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ksquared
10-18-2014, 16:59
I've had a few people tell to layer sleeping pads in order to keep the cold of the ground from making me cold. I use a blow up pad if that makes a difference. Can anyone give me some insight in to what that means?




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russb
10-18-2014, 17:03
If the blow up pad is insulated, then the optimal layering would be a ccf pad on the ground, then your pad, then you. If it is NOT an insulated pad, then it goes on the bottom followed by a ccf then you.

ksquared
10-18-2014, 17:17
I don't think that it's insulated (this is what I've got: http://www.backcountryedge.com/exped-synmat-lite-5.aspx). What is a ccf pad? Closed cell foam correct? My other question is, do you think it would be possible to lay one of those tin foil looking emergency blankets down on the floor of the tent under the sleeping pad? I think that would reflect the heat well enough and it's a lot lighter and packs down small. And saving up for a thru has made me broke so it's a much more cost effective solution.

I'm probably completely off base with this, but has anyone heard of this being done or tried it for yourself?

Coffee
10-18-2014, 17:28
The synmat is insulated and has an r value of 3.8 according to the website (higher r values are more insulated).

I have a Thermarest Prolite with an r value of just 2.1 and I feel like it is good into the high 20s along with my Marmot Helium. I am most likely going to take the Prolite on the PCT next year and I feel like it should do fine. However, I am taking a snow skills course in the winter and for that I plan to use my Prolite over a cheap Wal-Mart blue foam pad that I'll buy when I get to California and probably donate after I use it. By combining a CCF and Prolite, I feel like I should be fine into the teens, provided that I wear pretty much all of my clothing to bed and hope that my Helium will keep me warm...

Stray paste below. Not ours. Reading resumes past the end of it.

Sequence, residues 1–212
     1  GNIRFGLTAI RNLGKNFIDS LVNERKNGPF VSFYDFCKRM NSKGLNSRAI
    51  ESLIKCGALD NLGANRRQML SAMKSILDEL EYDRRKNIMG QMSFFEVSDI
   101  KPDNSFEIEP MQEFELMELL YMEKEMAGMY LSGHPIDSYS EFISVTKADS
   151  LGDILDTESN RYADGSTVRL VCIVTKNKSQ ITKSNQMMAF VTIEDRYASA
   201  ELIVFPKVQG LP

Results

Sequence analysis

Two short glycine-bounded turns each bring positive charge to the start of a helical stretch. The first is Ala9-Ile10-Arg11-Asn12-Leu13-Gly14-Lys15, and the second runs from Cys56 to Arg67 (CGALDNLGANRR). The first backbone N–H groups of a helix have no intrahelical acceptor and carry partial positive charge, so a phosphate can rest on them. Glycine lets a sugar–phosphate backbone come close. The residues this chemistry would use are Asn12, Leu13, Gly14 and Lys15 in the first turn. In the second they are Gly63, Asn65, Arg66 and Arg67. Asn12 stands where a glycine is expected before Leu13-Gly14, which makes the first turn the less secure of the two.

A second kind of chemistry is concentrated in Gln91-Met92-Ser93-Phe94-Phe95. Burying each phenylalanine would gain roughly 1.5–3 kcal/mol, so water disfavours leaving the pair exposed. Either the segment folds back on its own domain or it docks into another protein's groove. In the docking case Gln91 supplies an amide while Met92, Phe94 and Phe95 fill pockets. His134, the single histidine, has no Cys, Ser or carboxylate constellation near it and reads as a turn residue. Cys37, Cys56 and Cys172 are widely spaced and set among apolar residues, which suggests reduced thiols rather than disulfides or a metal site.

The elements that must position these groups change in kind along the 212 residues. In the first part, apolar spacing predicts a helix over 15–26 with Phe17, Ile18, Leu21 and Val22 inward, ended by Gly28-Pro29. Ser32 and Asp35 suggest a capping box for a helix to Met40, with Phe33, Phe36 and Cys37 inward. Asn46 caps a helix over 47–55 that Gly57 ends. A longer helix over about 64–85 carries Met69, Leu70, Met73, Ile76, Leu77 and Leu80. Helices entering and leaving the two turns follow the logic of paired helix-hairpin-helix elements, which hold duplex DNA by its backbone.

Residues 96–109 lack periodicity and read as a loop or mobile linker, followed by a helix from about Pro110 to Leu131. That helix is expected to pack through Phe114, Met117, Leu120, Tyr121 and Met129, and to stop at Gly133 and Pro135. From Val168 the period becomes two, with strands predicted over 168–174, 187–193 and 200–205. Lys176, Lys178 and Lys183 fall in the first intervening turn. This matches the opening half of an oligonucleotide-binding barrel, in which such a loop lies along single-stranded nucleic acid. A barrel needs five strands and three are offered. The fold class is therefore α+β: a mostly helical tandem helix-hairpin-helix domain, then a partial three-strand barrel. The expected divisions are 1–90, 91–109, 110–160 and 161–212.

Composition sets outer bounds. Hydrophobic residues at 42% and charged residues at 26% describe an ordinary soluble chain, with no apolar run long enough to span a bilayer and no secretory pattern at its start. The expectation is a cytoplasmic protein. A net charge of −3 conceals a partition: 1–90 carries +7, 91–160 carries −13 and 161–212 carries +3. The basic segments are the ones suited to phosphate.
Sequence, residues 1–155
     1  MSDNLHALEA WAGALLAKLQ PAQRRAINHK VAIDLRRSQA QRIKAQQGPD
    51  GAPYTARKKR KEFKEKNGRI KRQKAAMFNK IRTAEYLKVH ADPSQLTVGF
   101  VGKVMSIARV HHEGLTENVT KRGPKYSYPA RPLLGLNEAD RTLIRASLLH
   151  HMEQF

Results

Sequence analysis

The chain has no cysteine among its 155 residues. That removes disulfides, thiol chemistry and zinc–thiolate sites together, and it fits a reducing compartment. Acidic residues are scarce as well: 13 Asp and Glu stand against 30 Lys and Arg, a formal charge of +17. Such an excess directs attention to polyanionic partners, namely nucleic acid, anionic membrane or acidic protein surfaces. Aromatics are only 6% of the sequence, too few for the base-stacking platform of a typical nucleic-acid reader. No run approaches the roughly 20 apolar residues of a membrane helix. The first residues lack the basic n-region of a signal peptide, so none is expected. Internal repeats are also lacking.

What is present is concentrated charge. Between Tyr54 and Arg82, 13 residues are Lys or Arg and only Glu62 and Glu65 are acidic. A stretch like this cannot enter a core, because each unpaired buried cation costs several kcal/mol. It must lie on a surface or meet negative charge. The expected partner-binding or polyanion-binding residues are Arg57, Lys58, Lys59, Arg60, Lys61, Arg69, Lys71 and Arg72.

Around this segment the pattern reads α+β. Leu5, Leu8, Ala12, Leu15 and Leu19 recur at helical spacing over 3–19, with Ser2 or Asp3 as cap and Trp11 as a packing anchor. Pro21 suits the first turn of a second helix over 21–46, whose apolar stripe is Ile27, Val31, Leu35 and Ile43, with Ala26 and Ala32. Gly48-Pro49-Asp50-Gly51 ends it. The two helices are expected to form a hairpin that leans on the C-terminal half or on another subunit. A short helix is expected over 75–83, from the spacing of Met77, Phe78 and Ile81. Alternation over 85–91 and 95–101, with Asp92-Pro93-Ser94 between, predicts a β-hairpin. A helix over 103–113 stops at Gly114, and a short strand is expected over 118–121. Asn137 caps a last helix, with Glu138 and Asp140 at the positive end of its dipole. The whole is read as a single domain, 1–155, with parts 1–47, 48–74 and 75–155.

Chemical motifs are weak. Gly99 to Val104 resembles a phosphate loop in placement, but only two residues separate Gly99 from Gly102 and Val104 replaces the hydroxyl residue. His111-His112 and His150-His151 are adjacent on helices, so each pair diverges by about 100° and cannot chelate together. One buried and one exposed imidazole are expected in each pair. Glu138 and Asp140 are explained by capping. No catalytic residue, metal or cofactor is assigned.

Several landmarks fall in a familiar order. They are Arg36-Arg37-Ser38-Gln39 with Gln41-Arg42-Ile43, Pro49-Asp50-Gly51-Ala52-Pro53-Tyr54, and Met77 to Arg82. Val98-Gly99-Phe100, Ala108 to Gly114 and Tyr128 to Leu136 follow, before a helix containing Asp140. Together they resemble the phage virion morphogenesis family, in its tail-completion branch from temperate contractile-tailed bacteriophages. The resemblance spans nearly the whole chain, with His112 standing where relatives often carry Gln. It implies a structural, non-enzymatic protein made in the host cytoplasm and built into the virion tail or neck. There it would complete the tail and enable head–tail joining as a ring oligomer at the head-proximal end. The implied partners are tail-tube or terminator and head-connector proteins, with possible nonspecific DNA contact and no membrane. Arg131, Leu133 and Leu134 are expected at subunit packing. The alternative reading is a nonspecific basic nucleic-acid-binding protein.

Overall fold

Rocket Jones
10-18-2014, 17:40
Try a test of your pads. Personally, I find that I'm a little warmer with my CCF pad (cheapie from Wally World) on top of my NeoAir Trekker. A lot of people prefer the CCF pad on the bottom. The CCF pad is bulky but very lightweight.

Malto
10-18-2014, 17:56
The best winter setup that I have used is Neoair xtherm. At 5.8R it is one of the warmest setup. I have been a very comfy boy on some very cold nights. Also, you need a full length pad, the short ones IMHO are for three season conditions.

2015 Lady Thru-Hiker
10-18-2014, 18:24
The best winter setup that I have used is Neoair xtherm. At 5.8R it is one of the warmest setup. I have been a very comfy boy on some very cold nights. Also, you need a full length pad, the short ones IMHO are for three season conditions.

Love my xtherm. Very comfortable for me sleeping wise and so far temp wise. Gonna take it out for 3 nights next weekend with nighttime temps projected in the 30s. In the warmer weather I just flip it over so the reflective side is facing down. Think the highest nighttime temp was in the high 70s. Still comfortable for me. I did invest in the little pump and will be taking it with me. Does such a good job it is worth the 2 (I think it is) ounces.

Malto
10-18-2014, 20:09
Love my xtherm. Very comfortable for me sleeping wise and so far temp wise. Gonna take it out for 3 nights next weekend with nighttime temps projected in the 30s. In the warmer weather I just flip it over so the reflective side is facing down. Think the highest nighttime temp was in the high 70s. Still comfortable for me. I did invest in the little pump and will be taking it with me. Does such a good job it is worth the 2 (I think it is) ounces.

I have the little pump as well and get all kinds of grief from my less enlightened UL hiking friends. Jealousy is tough.

cjlusmc
10-18-2014, 20:49